The salary cap effect of the Serge Ibaka trade

Feb 9, 2015; Denver, CO, USA; Oklahoma City Thunder forward Serge Ibaka (9) during the game against the Denver Nuggets at Pepsi Center. Mandatory Credit: Chris Humphreys-USA TODAY Sports
Feb 9, 2015; Denver, CO, USA; Oklahoma City Thunder forward Serge Ibaka (9) during the game against the Denver Nuggets at Pepsi Center. Mandatory Credit: Chris Humphreys-USA TODAY Sports /

The Orlando Magic took a little extra salary in acquiring Serge Ibaka but still maintain a lot of cap room to go after big free agents, although not as much.

The Orlando Magic’s acquisition of Serge Ibaka was the first of what many believe will be an active summer for the team. General manager Rob Hennigan promised to be active this summer and pulled the trigger on the biggest trade of draft night.

To much controversy, but he pulled the trigger nonetheless.

The Magic are still somewhat adjusting to the new reality of having Ibaka on the team and shipping off Oladipo. The main focus remains the same. To complete this roster and take the next step to the Playoffs, the Magic have to focus on free agency. And likely make a big splash.

The Magic still have work to do to make this deal work and accomplish their goals.

The question then that has to linger is did the Magic hurt their free agency chances with Ibaka instead of Oladipo? There are some questions involved to answer that question that are a little more subjective and still difficult to answer.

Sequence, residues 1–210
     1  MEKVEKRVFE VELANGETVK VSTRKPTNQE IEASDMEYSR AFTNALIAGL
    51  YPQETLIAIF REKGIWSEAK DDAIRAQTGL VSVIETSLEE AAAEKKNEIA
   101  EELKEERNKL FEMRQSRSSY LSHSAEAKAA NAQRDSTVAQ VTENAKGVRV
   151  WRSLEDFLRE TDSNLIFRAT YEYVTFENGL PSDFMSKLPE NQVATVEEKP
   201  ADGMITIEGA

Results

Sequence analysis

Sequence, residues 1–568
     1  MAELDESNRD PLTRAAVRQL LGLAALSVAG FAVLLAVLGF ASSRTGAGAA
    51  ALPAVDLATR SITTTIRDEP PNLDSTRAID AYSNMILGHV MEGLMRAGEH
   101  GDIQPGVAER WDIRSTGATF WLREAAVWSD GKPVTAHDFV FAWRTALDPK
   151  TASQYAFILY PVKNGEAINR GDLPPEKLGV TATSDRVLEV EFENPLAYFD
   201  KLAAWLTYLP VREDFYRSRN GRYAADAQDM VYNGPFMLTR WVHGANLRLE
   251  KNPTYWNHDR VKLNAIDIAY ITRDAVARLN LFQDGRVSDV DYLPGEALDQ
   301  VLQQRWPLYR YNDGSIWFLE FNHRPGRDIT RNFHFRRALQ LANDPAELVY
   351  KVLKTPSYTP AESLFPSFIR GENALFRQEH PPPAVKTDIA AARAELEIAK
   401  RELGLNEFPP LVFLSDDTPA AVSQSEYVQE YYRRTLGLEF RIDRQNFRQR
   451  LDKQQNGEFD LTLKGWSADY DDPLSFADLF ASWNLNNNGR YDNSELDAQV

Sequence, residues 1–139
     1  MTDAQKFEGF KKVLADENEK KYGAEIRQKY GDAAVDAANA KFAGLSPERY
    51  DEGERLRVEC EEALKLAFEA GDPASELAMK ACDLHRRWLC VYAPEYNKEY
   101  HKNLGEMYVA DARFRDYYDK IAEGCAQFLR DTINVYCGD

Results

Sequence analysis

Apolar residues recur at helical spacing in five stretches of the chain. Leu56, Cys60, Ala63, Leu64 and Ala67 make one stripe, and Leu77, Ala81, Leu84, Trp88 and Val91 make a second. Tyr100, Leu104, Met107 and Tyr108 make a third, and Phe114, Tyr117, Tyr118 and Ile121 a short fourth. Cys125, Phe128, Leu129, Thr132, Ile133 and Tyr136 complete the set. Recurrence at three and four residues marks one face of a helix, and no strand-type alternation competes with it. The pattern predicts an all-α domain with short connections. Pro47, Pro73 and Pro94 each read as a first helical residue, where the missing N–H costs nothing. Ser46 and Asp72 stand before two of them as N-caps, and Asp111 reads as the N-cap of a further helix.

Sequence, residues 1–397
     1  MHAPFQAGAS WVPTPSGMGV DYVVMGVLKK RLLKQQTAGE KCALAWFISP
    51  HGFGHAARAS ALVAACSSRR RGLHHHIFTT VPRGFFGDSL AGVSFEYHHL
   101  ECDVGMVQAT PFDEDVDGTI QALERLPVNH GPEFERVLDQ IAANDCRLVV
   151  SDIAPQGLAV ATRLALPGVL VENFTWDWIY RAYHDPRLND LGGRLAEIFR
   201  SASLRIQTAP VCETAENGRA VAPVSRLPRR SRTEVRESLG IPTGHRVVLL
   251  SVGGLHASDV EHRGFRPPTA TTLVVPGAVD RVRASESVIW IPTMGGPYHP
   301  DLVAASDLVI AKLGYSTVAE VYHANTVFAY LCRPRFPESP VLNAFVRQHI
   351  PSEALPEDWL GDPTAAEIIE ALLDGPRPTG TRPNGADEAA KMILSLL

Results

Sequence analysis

What is clear, is that there is a financial cost to every move. And the Magic changed some of the calculus for this summer in swapping one salary for another.

The Magic made their intentions clear for the summer back in February when they traded Tobias Harris for Brandon Jennings and Ersan Ilyasova. Jennings was on an expiring $8 million contract. Ilyasova had one more year left at $8.4 million, but only $400,000 was guaranteed if he remained on a roster past July 1.

It was clear the Magic would look to cut or move him before that deadline. They cleared the $17-plus million Harris would have made last year without adding any additional salary. Including expected cap holds, the Magic had an estimated $40 million in cap space. This was based on the $92 million cap projected back in February.

Things have changed some with the deal.

Orlando was up against the cap when they made this trade — the contracts do not flip over until the new year in the NBA calendar, beginning July 1. So the Magic had to match salaries to make the deal work.

Serge Ibaka is due $12.3 million next season. Ilyasova would make only $400,000 if he was cut as expected. Oladipo is owed about $6.6 million next year. The cap hold for the 11th pick in the draft is roughly $2 million. So the Magic brought in $12.3 million onto their books and sent out $9 million.

In reality then, the Magic only ate up about $3 million of their cap space to play with this upcoming summer. Considering the cap is expected to be $2 million more than what was originally projected and the number is still roughly the same — $40 million in cap space.

Eric Pincus of Basketball Insiders estimates the Magic could have $19.2-$50.1 million in cap room depending on which players the team retains. It seems safe to assume the Magic will look to retain Evan Fournier, Dewayne Dedmon, Andrew Nicholson and Jason Smith (roughly $18 million in cap holds).